Imagining the Future   /   Spring 2008   /    Essays

Being in Utopia

Ruth Levitas

The term “utopia,” coined by Thomas More in 1516, is a pun on eutopia/out- opia—the good place that is also no place. The lay meaning of “utopia” has come to be a perfect but impossible society, and the term “utopian” to refer to an unrealistic dream or dreamer. In this discourse, one of the most frequent objections to utopia is that it demands perfection of its inhabitants, and that this is inconsistent with the necessarily flawed nature of real human beings. Utopia may also then be seen as dangerous, for attempts to impose it will mean forcing fallible humans into the procrustean bed of an externally imposed system, resulting in totalitarian repression and violence.

A recent example of this is British literary critic John Carey’s introduction to The Faber Book of Utopias, published at the turn of the millennium:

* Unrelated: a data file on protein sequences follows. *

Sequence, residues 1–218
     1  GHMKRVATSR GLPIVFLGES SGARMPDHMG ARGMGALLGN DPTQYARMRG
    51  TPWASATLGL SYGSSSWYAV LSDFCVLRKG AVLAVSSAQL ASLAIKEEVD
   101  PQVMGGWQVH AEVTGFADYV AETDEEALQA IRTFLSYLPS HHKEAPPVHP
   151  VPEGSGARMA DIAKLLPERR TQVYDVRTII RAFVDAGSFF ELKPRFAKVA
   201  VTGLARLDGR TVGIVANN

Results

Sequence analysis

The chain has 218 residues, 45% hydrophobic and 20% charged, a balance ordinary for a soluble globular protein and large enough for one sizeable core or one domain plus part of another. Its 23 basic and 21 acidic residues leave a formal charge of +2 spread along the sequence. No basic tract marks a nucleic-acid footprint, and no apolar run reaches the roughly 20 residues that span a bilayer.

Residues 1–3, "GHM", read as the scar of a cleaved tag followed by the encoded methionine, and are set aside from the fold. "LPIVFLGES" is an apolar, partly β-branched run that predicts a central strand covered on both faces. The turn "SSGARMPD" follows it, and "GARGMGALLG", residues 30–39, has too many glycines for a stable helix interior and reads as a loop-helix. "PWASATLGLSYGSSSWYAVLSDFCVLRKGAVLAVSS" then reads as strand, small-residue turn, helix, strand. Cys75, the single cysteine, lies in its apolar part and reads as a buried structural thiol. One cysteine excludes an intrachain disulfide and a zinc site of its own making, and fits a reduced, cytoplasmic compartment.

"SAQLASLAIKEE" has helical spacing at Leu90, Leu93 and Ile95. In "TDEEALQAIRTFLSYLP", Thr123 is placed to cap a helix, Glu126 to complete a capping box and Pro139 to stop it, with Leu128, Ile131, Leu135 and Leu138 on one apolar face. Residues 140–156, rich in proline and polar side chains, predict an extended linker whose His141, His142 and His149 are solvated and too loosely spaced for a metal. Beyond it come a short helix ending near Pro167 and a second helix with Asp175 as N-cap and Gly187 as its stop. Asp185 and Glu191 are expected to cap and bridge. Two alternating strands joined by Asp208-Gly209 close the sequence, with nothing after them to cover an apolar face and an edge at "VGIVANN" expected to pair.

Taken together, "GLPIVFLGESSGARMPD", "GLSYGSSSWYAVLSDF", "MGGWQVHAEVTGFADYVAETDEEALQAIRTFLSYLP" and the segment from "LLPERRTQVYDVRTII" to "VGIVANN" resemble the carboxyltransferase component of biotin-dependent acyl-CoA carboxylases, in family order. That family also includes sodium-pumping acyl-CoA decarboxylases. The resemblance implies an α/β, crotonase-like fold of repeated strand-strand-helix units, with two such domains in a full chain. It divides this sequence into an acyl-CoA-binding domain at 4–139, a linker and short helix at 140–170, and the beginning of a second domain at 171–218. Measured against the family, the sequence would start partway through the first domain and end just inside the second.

The aim of all utopias, to a greater or lesser extent, is to eliminate real people. Even if it is not a conscious aim, it is an inevitable result of their good intentions. In a utopia real people cannot exist, for the very obvious reason that real people are what constitute the world that we know, and it is that world that every utopia is designed to replace. Though this fact is obvious, it is one that many writers are reluctant to acknowledge. For if real people cannot live in utopias, then the utopian effort to design an ideal commonwealth in which human beings can lead happier lives is evidently imperilled.

Carey then cites Tommaso Campanella’s City of the Sun in which selfishness is unknown, Louis-Sébastien Mercier’s The Year 2440 in which citizens voluntarily pay more taxes than they need to, and Edward Bellamy’s Looking Backward in which the shame attached to deceit is so great that criminals would rather accept punishment than lie to save themselves. Carey reflects: “it is clear that if these are human beings, then the people we have been living among all our lives belong to some other species.” He goes on to cite Soviet Communism as a vision which “fits precisely (and, as events have proved, disastrously) into a utopian mould,” referring to Lenin’s claim that the “higher” phase of Communism will involve transformed human subjects—leading, in Carey’s view, to cruel and unnecessary punishments and murder.

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